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Critique of Widom-Larsen Theory by Peter Hagelstein

Back to Widom-Larsen Theory Portal

(Source: New Energy Times)
November 5, 2007

Widom and collaborators have put together a set of ideas which they propose accounts for cold fusion effects. The number of ideas is pretty large, and all of them would have to be spot on for the theory to be correct.

But one runs into issues in the very first of the ideas.

In the first paper of the series, Widom and Larsen talk about an increase in the electron mass due to local electric fields which are present due to atomic vibrations.

If there were an increase in the electron mass, then a proton could capture aheavy electron leading to a neutron.

So there are two questions: (1) Is there a significant mass increase large enough to do the job? (2) Are the conditions associated with such a mass increase compatible with experiment?

Widom and Larsen claim that very strong electric fields are present which are strong enough to do the job. (Source: New Energy Times)

However, the mass increase formula used was derived (by Volkov) for an electron in a plane wave electromagnetic field. However, there is no plane wave electromagnetic field present under the assumptions of Widom and Larsen.

A new formula should have been derived which comes about from Coulomb coupling with whatever atomic system is under discussion. In this case, it is moving protons at the surface.

The implicit assumption being made is that the time-dependent Coulomb fields produced by the protons can be treated on the same footing as dynamical transverse photons. This is not the case.

A better way to think about it is that if you have some protons that are oscillating at the surface with frequencies that correspond to energies at the 100 meV level (which is in the references cited by Widom and Larsen), then the associated Coulombic energies available are going to be on the order of e**2/r (where r is the distance between the proton and electron) with possible energy exchanges on the order of 100 meV possible. In this case, the relevant energy scale is O(10 eV) for protons rather than O(MeV), which would be required to begin thinking about an MeV-scale mass shift.

There is a relevant literature on electrons in strong electromagnetic fields. People have considered the problem of electrons in strong electromagnetic fields at length over the years. There are a hundred papers or more in the literature.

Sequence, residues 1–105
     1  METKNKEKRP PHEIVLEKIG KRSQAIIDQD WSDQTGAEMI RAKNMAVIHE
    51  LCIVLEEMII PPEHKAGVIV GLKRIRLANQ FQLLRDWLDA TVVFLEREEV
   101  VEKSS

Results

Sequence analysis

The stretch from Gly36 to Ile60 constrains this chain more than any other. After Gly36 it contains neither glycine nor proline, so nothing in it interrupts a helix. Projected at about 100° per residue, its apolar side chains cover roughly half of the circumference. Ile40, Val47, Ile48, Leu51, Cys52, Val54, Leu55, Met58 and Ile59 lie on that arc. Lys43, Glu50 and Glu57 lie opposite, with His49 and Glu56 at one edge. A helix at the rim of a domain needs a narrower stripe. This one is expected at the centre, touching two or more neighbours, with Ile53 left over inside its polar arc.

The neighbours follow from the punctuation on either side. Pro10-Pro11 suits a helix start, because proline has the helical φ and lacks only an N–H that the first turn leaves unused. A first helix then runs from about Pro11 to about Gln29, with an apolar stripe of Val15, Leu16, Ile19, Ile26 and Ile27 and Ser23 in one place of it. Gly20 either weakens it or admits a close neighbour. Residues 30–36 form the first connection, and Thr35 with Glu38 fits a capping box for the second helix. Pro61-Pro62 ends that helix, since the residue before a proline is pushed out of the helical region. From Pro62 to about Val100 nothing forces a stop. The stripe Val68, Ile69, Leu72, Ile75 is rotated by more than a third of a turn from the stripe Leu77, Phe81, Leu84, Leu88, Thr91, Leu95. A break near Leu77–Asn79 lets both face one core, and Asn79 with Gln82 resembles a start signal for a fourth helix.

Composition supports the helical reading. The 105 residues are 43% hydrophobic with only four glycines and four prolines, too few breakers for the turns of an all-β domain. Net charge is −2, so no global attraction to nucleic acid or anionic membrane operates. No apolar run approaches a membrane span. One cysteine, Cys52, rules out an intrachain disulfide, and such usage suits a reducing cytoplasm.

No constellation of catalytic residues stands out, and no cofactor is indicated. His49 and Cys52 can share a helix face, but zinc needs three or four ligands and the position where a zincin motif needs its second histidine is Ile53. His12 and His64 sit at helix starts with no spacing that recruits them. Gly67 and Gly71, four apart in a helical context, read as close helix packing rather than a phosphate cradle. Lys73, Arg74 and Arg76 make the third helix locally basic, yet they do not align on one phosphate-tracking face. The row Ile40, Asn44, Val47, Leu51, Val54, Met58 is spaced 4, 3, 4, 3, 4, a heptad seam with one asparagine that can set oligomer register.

To get a mass shift in the MeV range, you need a very intense laser beam (made up of real transverse photons). Widom and Larsen have no such intense laser beams, and very few real transverse photons.

If you do get a sufficiently intense beam to give you a mass shift in the MeV range, the electrons have kinetic energy which leads to scattering, ionization, and Bremsstrahlung radiation, all of which are potentially observable.

There is a relevant literature on electrons in more modest Coulomb fields. People have considered the problem of electrons in metals and metal hydrides for lots of years. There are hundreds of papers in the literature.

Typically what people see is simple Coulomb interaction dominating the dynamics on the atomic scale, and molecular orbital type descriptions being very useful.

Models for plasmons and surface plasmons are available in large numbers.

Models for coupled phonon modes and plasmon modes are available.

In band structure calculations, the electrons can be described by effective masses which can be larger or smaller than an electron mass in a band. However, the effective mass is due to band curvature, not to an increased dressed mass as proposed by Widom and Larsen.

No solid state physicist would claim electron mass increases at the MeV level due to any condensed matter physics physics effect.

One could go into more detail on these topics and others, and if needed.

However, the bottom line is that Widom and Larsen are wildly disconnected from reality in the very first physical statements which they make. And until these problems are addressed properly, there is no motivation to go further.

So the answer to the first issue: There can be a mass change for electrons under the conditions considered by Widom and Larsen. However, there are not MeV-level mass shifts. Widom and Larsen are simply wrong.

The answer to the second issue: If there were MeV mass shifts, there would be associated energetic phenomena (such as ionization, scattering, radiation, and so forth) due to electron kinetic energy which would be obvious.

The headache is that the longer these ideas get promoted, the more that reasonable scientists will have reason to doubt the competence of those working on cold fusion.